What do you think about Rob Bell?
How you answer that question would tell me a lot about where you stand on the progressive-liberal-conservative-fundamentalist spectrum.
Bell’s recent book, Love Wins: A Book About Heaven, Hell, and the Fate of Every Person Who Ever Lived, has really ruffled some feathers. His detractors have taken to calling him a universalist. Bell himself denies being a universalist. His views on heaven and hell seem too nuanced to fit neatly into existing pigeonholes.
Bell asks some intriguing questions. Does God get what he wants? Is Ghandi in hell, really? What is God like?
In Love Wins, Bell examines concepts of heaven, hell, forgiveness, grace, love and trust in that gentle, nudging manner which encourages the reader to examine their own concepts with fresh eyes. I found Love Wins to be an engaging read, mainly because I grew up with a punitive Biblical literalism which placed God in the mode of a galactic cop waiting to catch me slip up by slipping on a banana peel and dying having just committed some random unrepented sin. As Bell observes in the promo video for Love Wins, that is an angry, frightening God which Jesus saves us from, not for. So Bell is asking the same rhetorical questions which I am genuinely puzzling through finding answers that I find intellectually satisfying.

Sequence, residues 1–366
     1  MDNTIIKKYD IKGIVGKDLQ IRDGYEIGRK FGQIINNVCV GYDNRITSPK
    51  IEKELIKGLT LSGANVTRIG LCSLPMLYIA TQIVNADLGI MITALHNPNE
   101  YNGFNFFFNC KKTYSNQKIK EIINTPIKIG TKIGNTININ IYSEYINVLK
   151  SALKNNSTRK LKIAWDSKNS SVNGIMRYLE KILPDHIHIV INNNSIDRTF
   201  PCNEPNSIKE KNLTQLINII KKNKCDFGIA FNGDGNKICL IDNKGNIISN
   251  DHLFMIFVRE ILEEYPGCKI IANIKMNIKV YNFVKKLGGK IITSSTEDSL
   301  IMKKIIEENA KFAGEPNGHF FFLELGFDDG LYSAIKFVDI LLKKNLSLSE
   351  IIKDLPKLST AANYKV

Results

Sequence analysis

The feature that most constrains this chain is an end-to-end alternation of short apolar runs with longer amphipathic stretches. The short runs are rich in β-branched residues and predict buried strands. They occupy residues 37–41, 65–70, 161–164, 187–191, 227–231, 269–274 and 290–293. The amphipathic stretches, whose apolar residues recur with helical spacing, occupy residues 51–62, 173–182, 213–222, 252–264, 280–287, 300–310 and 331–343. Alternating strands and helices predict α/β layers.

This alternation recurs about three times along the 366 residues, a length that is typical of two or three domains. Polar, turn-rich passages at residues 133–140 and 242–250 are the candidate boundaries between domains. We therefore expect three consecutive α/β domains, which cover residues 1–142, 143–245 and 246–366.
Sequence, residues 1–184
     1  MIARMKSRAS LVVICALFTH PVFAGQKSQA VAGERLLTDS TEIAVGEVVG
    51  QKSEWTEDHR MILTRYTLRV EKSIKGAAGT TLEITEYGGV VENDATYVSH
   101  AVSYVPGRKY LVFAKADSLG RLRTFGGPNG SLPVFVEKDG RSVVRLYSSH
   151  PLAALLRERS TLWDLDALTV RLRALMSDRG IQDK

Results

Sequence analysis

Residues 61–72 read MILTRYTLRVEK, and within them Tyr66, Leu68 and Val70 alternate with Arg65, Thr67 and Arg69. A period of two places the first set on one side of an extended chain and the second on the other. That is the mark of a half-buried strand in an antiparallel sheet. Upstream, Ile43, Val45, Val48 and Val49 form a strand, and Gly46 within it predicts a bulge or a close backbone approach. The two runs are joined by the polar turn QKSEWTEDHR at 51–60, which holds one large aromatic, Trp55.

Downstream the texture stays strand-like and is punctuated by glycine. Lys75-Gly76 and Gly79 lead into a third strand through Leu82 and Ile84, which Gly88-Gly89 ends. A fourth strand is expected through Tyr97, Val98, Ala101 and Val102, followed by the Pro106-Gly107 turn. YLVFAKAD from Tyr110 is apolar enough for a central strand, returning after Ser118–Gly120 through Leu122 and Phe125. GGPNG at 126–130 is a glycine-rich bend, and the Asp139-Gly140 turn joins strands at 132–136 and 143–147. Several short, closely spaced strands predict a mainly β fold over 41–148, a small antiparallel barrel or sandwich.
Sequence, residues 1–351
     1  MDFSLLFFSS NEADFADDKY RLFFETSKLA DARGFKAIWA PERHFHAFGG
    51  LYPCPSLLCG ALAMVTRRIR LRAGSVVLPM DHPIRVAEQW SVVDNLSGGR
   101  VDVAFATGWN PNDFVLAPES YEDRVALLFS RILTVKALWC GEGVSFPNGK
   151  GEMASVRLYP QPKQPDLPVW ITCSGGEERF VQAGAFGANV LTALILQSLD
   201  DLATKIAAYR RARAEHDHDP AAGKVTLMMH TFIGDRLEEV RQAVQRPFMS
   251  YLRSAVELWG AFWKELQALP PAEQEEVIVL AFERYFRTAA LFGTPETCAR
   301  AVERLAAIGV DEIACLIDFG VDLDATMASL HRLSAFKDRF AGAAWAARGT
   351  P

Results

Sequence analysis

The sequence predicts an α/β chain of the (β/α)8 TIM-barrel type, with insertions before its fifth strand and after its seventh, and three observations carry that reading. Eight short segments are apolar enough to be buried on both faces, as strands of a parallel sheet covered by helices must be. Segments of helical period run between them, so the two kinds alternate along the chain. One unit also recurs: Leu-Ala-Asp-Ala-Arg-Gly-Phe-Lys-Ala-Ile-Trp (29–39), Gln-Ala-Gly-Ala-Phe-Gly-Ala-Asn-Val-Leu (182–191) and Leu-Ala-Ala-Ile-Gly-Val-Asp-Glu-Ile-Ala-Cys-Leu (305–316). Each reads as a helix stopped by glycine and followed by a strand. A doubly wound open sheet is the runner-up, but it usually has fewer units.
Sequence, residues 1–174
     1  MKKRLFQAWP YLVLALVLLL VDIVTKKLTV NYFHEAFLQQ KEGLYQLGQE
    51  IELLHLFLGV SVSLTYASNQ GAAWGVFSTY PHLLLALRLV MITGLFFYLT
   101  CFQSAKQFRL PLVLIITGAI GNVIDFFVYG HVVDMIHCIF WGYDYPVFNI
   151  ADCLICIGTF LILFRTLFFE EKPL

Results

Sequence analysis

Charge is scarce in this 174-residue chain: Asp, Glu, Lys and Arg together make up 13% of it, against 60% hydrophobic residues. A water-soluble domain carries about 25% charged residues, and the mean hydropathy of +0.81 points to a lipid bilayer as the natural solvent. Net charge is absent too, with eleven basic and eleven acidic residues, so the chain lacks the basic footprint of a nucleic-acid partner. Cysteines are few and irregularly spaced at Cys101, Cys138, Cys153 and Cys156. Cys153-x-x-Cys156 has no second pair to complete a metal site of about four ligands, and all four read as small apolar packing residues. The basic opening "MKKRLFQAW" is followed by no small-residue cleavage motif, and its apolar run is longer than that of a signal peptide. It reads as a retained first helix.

I think what people are finding so difficult to accept in what Bell is teaching is this: we want someone (God) to be the universal judge which vindicates good and punishes evil. If there is no cosmic justice (punishment) for evil, and everyone gets the same golden ticket alike, that offends our sense of what is right and just. We can’t accept that the evildoers we see around us making others’ lives miserable get off scot-free. Because of the enormity of Hilter’s actions, he must endure punishment equal to his crimes — otherwise, there is no justice.
Ultimately, that attitude lacks love. Bell’s book is an attempt to get people to think differently about love, and to help the reader identify attitudes and prejudices in our hearts that lack love.
The command to love is a difficult one. Some people aren’t very lovable. Some actions are difficult to forgive.
“We do ourselves a great harm when we confuse the very essence of God, which is love, with the very real consequences of rejecting and resisting that love, which creates what we call hell.”
Love Wins, pg. 177
Bell isn’t a universalist. As human beings possessing free will, we can choose. And Bell is hoping you’ll choose love.